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IOC Official Says Bromantan Produced by Russian Army

August 1, 1996 GMT

ATLANTA (AP) _ Athletes of the former Soviet Union for years have used the drug that has produced all five positive tests at the Atlanta Games, but scientists could not detect it until recently, a top Olympic official says.

The Russian Olympic committee has denied that the drug, bromantan, is a stimulant and appealed the disqualification of two of its medalists.

Prince Alexandre de Merode, chairman of the International Olympic Committee’s medical commission, said Russian officials told him that Soviet athletes already were using bromantan at the 1988 Olympics in Seoul.

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Traces of the drug were detected in as many as 20 tests in the past two years, all involving athletes from the former Soviet Union, de Merode said.

But scientists only recently could identify the substance and class it as a banned performance-enhancing stimulant, he said. IOC spokeswoman Michele Verdier said today that bromantan was declared an illegal substance on June 5.

``It’s made by the Russian army for army troops,″ de Merode said in an interview. ``I am told it is available on the black market in Russia, including on the streets in Moscow.″

Russian Olympic committee president Vitaly Smirnov confirmed in an interview with the Itar-Tass news agency that bromantan was developed by the Russian military. He said the drug was an immune-strenghtening substance recommended by Russian military doctors who had used it to treat cosmonauts.

Four Russian athletes, a Lithuanian cyclist and two Lithuanian team officials have been kicked out of the Atlanta Games over the use of bromantan.

The latest doping case, announced today, expelled Marina Trandenkova, fifth-place finisher in the women’s 100 meter.

De Merode said bromantan makes athletes more alert, boosts their energy and wards off fatigue.

The Russian delegation argued the drug is not included on the IOC’s list of banned substances. But de Merode said it is covered under the category of ``related substances.″

``We have an open list with some examples,″ he said. ``If we listed all the substances, we would need a dictionary.″

An official with the Russian delegation told the Russian news agency Tass that the delegation two years ago submitted to the IOC the list of drugs it would use in pre-Olympic training and bouts. Bromantan was on that list.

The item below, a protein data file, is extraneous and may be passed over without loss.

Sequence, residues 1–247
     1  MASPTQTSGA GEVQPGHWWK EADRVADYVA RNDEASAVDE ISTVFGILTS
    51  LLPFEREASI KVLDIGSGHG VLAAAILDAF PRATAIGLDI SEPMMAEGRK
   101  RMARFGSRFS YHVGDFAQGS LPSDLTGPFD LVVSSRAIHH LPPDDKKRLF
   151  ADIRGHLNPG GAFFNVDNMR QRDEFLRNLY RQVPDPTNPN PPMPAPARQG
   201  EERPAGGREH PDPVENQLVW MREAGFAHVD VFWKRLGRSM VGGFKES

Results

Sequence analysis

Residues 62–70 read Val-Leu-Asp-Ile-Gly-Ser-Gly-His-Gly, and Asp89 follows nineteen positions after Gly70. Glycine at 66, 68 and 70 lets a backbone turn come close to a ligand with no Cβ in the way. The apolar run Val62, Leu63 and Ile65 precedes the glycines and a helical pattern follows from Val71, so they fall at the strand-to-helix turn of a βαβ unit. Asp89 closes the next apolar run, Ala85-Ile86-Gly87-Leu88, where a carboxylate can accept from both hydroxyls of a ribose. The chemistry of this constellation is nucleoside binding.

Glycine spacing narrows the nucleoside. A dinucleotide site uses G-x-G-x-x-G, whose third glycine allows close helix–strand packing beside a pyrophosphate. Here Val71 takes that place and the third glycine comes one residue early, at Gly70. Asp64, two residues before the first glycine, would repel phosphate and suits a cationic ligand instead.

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``We have not received any notices from the medical commission on that account,″ Alexander Kozlovsky, vice president of Russia’s Olympic committee, told Tass.

``Furthermore, we learned that on May 15, 1996, the International Athletics Federation expressed a doubt in the legality of bromantan, but it has never received an answer,″ he said.

Russian swimmer Nina Zhivanevskaya, who finished first in the consolation final in the women’s 200-meter backstroke, was disqualified Tuesday.

Swimmer Andrei Korneyev, in the 200-meter breaststroke, and Greco-Roman wrestler Zafar Gulyov, in the 105 1/2-pound class, were stripped of their bronze medals on Monday. They appealed the cases to the Court for Arbitration in Sport.

Court general secretary Jean-Philipe Rochat said a hearing is set for Friday, and the case may not be decided until after the games end.

Also nabbed for bromantan was Lithuanian cyclist Rita Raznaite, whose 13th-place finish in the sprint was wiped out. Raznaite did not appeal, but her case led to two other drug expulsions Tuesday.

The IOC said it had banned Dr. Vitaly Slionssarenko, the Lithuanian cycling team physician, and revoked the credential of the team’s coach, Boris Vasilyev.

So far, no steroids have been detected at the games, despite the use of new high-resolution mass spectrometers. Officials have said the new equipment should be much more effective than standard testing equipment.

``People were probably afraid of the new machines and were more careful,″ de Merode said.

In a breakthrough, de Merode said, scientists finally have developed a reliable test to detect use of Erythropoietin, a hormone used to boost an athlete’s oxygen capacity. The drug is believed to be widely used in endurance sports, especially cycling.

De Merode said the EPO test will be ready for use by November. While earlier research focused on blood testing, EPO controls will be conducted on standard urine samples.